When Brown finally did start playing in junior high, the game didn't come easily. Good-hearted by nature, he didn't have the natural tenacity that his father wanted to see in him.

"He would leave my games," Brown said. "He was really big on me being physical and I wasn't. His thing was that football came down to two things -- intimidation and being physical -- and if he didn't like what I was doing, he would just leave. I would have to catch rides home with teammates because he would say, 'Orlando, I'm gone.' "

"Orlando was a nice kid," said Brown's mother, Mira. "I heard it from his teachers and his coaches. Everybody loved Orlando. He was the big guy with the big heart. But he was such a nice, respectable kid that his dad had to tell him the truth. If he wanted to do this as a career, he was going to have to get some dog in him."

Everything changed for Brown in the eighth grade. Three games into his second season of competitive football, he faced a team with a defensive lineman who could match Brown's size. Brown eventually heard so much about the matchup from his coaches and teammates that he lined up on the first offensive play with a menacing glare in his eyes. When the center snapped the ball, Brown drove the kid 20 yards downfield, then jumped on top of him to draw a penalty for unsportsmanlike conduct.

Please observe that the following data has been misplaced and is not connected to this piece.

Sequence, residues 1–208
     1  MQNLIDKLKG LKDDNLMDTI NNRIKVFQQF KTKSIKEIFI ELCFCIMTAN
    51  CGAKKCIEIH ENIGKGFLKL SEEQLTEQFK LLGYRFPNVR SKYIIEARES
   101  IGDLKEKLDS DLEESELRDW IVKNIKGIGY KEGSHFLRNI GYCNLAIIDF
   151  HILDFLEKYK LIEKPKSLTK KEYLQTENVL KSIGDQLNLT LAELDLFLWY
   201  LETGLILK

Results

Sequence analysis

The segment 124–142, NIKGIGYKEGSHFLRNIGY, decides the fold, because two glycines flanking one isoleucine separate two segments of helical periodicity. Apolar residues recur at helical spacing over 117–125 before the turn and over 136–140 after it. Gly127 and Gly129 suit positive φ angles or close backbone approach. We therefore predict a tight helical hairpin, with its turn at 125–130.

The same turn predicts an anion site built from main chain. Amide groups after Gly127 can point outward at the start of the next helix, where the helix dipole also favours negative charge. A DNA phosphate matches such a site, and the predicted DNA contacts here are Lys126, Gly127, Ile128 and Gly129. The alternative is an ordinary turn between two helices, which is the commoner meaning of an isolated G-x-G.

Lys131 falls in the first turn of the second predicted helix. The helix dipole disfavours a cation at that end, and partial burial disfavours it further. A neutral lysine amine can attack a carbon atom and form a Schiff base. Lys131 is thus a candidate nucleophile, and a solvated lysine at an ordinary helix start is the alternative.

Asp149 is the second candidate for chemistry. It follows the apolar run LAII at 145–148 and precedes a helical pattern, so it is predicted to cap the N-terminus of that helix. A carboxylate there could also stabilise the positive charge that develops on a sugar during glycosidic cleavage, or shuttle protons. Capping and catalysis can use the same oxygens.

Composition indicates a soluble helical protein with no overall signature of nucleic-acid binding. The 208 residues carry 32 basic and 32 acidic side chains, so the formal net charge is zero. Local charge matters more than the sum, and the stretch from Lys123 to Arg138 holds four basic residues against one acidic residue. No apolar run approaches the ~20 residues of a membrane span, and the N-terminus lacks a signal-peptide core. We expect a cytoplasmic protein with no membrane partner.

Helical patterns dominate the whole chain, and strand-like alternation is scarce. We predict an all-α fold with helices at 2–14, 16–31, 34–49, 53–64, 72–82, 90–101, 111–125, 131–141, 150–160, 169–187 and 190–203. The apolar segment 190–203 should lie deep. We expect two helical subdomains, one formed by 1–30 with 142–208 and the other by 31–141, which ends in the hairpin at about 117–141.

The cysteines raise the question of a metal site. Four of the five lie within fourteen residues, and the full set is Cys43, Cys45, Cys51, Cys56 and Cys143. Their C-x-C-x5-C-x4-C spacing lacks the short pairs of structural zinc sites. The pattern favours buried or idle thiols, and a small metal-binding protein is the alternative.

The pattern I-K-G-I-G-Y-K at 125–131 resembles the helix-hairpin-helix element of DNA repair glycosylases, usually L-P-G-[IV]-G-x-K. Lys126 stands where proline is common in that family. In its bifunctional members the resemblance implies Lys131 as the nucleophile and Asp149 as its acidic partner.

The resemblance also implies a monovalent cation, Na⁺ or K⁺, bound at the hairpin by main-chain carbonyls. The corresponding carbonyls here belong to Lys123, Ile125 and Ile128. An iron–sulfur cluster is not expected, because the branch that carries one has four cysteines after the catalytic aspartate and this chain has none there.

The stunning part of that moment wasn't the way Brown snapped. It was the way Orlando Sr. vaulted from his seat in the bleachers and raced down to the field to cheer his boy on.

"As that game and that season went on, people became scared of me," said Brown. "Once I realized you could strike fear in another player, I fell in love with it."

Brown was 13 at the time and just starting to meet his father's high expectations. Two years later, on Sept. 23, 2011, he realized how unpredictable life can be. Brown was a student at DeMatha Catholic High in Hyattsville, Md., when a teacher instructed him to go to the office. As Brown walked down the hallway of the private, all-boys school, he saw teachers sobbing and a priest choking back tears as well. When he checked his phone and saw a tweet that read, "Rest in Peace, Zeus," he looked over at his teacher and asked, "Did my father die?"